donatas abraitis

::1/128 enlarge to not to enlarge?

IPv4 has by design delegated for loopback usage. It means that you can use ~16M addresses to identify hosts inside your fleet. I’ve touched this usage in networking world, but who else really needs this behavior while we are living in 2017 (containers world)? To be honestly, I’m talking about ancient IPv4 protocol.

IPv6 doesn’t have allocated /64 or so for loopback - it’s as simple as it should be ::1/128. But there is a proposal for larger loopback prefix 1::/32:

Allocating a /32 prefix for the loopback function may seem excessive, as a /48 length prefix would satisfy the larger loopback prefix requirements. However, within the parent 0000::/8 special purpose prefix, there are approximately 16 million /32 prefixes, so a single /32 for the larger loopback prefix is easily afforded. A /32 larger loopback prefix will satisfy all current and likely future uses of the loopback function.

As a result 1::1/64 is proposed as the best candidate because it’s quite easy for humans to remember. And /64 is for EUI-64, just don’t break the internet. Also, this should lie down under loopback handling properly as I described in my previous post.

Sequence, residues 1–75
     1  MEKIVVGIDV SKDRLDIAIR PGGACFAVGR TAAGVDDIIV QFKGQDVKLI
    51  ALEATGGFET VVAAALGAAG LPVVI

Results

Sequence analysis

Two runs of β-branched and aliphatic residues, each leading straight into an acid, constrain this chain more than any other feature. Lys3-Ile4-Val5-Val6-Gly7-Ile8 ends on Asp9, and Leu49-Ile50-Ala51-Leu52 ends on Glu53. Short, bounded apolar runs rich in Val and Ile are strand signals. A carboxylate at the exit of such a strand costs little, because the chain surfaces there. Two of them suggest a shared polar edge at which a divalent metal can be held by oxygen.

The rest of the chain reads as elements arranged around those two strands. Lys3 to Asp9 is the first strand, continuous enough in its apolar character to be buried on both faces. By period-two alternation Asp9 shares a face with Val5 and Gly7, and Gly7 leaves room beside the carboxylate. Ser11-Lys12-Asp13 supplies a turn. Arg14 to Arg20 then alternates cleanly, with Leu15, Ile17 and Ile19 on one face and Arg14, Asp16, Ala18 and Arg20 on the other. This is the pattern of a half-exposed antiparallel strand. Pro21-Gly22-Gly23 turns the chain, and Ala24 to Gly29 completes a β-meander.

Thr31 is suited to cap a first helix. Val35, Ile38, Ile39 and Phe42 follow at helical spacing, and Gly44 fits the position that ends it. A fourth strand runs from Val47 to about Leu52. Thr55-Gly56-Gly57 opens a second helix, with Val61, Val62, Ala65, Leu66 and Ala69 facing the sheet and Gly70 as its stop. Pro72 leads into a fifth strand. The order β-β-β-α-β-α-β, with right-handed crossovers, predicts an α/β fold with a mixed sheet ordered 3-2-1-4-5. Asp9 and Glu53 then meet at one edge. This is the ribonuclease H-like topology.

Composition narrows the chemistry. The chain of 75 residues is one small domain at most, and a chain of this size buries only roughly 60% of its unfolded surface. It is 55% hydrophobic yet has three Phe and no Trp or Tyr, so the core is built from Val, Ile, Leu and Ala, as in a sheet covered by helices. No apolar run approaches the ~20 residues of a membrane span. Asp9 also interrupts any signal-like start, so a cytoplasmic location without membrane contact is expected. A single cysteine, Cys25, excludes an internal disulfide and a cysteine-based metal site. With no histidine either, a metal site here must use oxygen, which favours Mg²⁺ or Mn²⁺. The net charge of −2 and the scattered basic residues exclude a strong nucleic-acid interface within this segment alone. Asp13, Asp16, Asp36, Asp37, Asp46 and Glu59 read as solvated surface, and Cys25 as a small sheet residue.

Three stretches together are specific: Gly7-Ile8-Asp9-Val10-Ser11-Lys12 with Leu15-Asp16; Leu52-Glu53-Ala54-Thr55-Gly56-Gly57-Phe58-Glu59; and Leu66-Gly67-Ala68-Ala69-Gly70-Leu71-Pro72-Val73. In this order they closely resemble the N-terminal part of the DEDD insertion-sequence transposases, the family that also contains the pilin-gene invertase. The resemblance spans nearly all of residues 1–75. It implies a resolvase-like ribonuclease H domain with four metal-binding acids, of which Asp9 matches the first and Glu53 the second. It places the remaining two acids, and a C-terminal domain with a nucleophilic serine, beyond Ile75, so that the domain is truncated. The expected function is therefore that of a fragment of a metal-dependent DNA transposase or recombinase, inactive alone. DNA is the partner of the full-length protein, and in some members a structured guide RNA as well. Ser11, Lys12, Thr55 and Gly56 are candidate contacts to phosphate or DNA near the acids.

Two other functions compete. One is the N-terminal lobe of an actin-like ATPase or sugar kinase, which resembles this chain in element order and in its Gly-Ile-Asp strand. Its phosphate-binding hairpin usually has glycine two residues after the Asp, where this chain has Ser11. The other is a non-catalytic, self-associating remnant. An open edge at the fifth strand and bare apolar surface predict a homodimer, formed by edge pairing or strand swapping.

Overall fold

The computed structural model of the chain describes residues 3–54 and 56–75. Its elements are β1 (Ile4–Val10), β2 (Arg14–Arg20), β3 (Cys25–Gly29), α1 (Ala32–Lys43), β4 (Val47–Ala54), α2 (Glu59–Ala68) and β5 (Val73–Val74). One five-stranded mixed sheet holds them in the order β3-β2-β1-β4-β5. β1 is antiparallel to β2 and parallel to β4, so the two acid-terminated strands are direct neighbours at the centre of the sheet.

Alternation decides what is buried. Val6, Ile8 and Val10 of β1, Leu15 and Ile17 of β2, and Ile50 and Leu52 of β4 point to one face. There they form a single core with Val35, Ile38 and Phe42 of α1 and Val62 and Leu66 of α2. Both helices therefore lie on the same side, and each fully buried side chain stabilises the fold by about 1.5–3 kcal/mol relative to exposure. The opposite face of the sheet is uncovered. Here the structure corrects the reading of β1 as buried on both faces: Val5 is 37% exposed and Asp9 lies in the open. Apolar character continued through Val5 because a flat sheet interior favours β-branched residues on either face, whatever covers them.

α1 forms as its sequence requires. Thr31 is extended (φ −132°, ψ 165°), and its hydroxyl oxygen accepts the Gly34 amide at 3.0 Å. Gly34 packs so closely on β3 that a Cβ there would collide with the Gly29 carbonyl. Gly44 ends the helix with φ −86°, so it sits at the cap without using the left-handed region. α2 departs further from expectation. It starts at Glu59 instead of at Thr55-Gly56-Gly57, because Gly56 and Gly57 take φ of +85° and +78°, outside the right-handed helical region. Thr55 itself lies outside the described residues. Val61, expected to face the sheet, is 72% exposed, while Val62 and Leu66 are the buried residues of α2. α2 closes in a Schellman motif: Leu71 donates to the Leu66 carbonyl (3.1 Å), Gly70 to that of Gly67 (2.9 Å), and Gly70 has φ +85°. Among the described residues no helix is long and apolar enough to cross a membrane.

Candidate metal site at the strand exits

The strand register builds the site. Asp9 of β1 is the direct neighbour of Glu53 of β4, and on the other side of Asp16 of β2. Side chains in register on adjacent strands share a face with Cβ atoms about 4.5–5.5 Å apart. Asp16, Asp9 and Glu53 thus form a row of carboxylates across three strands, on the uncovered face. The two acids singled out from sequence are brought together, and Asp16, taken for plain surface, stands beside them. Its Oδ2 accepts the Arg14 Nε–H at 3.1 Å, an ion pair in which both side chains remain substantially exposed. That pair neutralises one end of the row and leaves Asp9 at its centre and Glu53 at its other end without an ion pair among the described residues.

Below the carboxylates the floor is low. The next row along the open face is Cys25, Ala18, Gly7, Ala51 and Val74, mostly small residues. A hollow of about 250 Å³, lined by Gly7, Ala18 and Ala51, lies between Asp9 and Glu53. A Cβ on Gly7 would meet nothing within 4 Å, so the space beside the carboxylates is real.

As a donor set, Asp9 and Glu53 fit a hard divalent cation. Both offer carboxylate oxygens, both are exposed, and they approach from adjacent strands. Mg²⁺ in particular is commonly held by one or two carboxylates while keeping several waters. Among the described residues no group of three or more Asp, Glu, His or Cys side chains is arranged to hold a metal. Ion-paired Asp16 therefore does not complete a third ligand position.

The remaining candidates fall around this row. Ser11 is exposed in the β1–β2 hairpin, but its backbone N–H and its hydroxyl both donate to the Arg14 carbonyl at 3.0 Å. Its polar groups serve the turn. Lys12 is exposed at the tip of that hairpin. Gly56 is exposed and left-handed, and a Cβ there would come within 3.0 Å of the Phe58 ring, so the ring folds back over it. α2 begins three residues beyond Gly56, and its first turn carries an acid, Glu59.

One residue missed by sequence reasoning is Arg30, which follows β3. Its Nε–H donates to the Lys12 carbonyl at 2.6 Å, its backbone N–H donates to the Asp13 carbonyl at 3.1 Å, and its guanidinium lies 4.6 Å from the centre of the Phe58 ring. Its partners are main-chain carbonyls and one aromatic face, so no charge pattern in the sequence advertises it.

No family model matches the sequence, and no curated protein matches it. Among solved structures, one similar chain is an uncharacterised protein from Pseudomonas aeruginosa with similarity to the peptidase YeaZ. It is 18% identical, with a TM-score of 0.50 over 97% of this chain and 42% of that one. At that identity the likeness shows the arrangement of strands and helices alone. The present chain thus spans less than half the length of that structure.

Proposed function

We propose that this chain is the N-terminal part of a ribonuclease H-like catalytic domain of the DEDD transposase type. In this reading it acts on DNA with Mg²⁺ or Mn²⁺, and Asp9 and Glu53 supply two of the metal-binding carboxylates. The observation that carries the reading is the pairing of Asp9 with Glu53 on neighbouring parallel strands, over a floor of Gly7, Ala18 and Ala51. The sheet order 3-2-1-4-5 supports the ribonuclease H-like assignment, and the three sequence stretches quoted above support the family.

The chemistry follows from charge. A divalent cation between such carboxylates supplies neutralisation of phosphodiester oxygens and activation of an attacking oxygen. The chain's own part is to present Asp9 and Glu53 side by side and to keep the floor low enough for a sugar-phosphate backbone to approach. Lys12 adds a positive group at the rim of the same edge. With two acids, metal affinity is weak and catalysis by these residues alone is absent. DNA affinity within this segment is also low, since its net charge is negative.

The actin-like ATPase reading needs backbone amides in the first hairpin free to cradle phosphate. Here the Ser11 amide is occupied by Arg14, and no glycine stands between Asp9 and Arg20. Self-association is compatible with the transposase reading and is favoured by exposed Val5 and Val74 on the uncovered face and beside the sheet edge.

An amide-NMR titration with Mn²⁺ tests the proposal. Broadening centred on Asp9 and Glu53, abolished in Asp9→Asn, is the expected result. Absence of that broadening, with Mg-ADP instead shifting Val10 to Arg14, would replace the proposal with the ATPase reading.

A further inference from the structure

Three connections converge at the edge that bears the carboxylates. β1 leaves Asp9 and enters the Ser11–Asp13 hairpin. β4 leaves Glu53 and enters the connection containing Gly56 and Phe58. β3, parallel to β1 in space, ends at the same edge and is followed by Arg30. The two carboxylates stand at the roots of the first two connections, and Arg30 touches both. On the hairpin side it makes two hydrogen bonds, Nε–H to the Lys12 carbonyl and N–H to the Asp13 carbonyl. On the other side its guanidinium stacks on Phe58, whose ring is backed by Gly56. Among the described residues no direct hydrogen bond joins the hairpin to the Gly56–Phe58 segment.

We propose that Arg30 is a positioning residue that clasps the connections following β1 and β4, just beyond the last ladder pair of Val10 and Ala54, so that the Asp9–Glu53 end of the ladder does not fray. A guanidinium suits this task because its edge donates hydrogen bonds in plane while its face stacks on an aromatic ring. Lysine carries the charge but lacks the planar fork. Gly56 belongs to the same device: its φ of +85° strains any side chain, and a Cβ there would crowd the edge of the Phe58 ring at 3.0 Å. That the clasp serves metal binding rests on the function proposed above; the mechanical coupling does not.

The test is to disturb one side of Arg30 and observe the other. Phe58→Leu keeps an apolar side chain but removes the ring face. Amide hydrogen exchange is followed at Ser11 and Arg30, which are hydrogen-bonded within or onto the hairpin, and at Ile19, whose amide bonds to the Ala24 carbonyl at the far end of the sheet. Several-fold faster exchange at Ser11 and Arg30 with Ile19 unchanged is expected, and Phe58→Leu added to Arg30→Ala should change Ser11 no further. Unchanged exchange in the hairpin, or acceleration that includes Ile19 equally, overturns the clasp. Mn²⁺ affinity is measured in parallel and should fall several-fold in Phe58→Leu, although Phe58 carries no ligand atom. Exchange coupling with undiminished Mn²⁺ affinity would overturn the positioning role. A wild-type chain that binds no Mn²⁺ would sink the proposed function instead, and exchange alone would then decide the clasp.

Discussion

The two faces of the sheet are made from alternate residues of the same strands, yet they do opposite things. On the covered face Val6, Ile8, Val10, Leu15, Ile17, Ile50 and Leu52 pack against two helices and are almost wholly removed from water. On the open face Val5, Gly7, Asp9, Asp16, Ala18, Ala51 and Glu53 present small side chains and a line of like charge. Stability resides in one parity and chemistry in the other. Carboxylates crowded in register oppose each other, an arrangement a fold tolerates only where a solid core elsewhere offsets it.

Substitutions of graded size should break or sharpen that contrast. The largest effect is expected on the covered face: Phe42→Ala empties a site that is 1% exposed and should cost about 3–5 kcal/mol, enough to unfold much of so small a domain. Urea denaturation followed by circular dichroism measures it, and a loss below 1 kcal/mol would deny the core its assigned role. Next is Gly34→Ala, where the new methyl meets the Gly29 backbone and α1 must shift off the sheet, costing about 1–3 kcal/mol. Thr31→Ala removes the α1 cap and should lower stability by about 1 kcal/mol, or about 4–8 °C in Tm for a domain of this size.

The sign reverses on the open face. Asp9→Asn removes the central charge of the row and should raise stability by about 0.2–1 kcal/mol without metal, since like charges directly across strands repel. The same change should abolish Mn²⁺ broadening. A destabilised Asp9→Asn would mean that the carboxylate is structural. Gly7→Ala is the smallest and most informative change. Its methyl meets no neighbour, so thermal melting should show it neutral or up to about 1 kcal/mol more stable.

If you didn’t know, you can ping any address from range:

$ ping -c1
PING ( 56(84) bytes of data.
64 bytes from icmp_seq=1 ttl=64 time=0.053 ms

The kernel just loops those packets back to the same node.

It depends on your creativity level, but to get the idea what I’m talking about see this example below:

require 'socket'

jobs = {
    '' => 'SSH',
    '' => 'DNS',
    '' => 'HTTP'

socket =

loop do
        connection = socket.accept
        job, _ = connection.local_address.getnameinfo
        connection.puts jobs[job]
$ exit | nc 31337
$ exit | nc 31337

This wasteful range could be exploited in something similar as with IPv6 ILA but in application level. While ILA works without breaking TCP - almost natively, but with some kind of external control plane for mapping identifier with the locator.

In 2017 for IPv6 (I suppose you are smart enough and don’t ask me about IPv4 anymore) you can take a look for AnyIP. It just allows you to bind the whole prefix and respond NS packets. The idea is more-less identical to


Large IPv6 loopback prefix in some cases would be nice to have, but I can’t imagine something really fancy useful. While we are donated with AnyIP, we can tackle loopback problem locally with some arbitrary prefix.